There has been an announcement in the wine world that Martha Stewart has entered into an agreement with E&J Gallo to bottle wine for her under the label “Martha Stewart Vintage.” Check out these stories about this news: Tom Wark’s Fermentation and the San Francisco Chronicle.
I am fascinated by this collaboration. This kind of practice in the wine world is nothing new — wine makers make wine for other people’s labels all the time. The good folks at Trader Joe’s are making a mint off the enormous volume of sales of it’s Charles Shaw wines (aka “Two Buck Chuck”) — wine that is made by the Bronco Wine Company. The Charles Shaw wines purport to be from Napa (check out the label sometime), but the grapes are actually grown in the much-less-desirable Central Valley of California. Think Bakersfield. And the bottle says “Charles Shaw,” not Bronco Wines. And it would be misleading to assume this only affects “low end” wine and wineries. Even the biggest name wineries engage in this lucrative practice. It happens throughout the wine world.
The Martha Stewart announcement provides a helpful lens, though, for some reflection on this practice and its implications beyond the world of wine. This is rich ground for musing — I love this! Wine as a commodity. Wine as a product. Wine as a pawn in the world of commerce. The art of winemaking reduced to signatures on a contract. I can see a new reality TV show in the making… Martha Stewart Vineyard versus Two Buck Chuck. I’d watch just to see the divas actually drink what’s in the bottles that bear their names!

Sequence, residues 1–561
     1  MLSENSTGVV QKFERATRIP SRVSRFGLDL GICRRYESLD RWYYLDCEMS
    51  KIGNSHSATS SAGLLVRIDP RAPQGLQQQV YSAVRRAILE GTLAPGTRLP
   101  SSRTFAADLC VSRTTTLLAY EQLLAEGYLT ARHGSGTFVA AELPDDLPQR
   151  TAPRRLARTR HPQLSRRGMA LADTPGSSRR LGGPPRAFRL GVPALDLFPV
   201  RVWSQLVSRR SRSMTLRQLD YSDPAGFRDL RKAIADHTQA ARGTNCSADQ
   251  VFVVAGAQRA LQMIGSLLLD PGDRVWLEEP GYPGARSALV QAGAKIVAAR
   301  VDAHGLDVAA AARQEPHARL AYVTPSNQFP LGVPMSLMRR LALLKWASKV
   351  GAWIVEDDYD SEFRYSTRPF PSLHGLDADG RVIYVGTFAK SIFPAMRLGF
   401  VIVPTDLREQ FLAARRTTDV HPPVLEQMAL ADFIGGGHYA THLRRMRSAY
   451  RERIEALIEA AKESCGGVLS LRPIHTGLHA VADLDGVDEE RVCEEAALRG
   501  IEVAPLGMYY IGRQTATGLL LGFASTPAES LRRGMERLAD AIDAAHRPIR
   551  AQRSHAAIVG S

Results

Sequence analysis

But there is more to this story than just the raw commerce of it all. There is something about character and the character of wine. The wines labeled “Martha Stewart Vineyard” will NOT be from Martha’s Vineyard (so to speak). The illusion is that they will bear the sophistication of the cashmere sweater and pressed linen napkins of a Martha Stewart afternoon tea. But there is no authenticity. It is a fraud. It lacks integrity. It’s plagiarism — the signature on the artist’s canvas had nothing to do with the creation of the art (even if the art, as in this case, is like mass-produced “Velvet Elvis” prints that can be purchased at any flea market). But it’s intentional — Martha (rather, the Martha Industry) will want her consumers to assume the wine is of her own making.
Perhaps the charitable thing to do would be to wish Martha well, and to join in a chorus of “cheers!” with those who will drink her (er, I mean Gallo’s) wine. But then I myself would be inauthentic.
More thoughts about this later…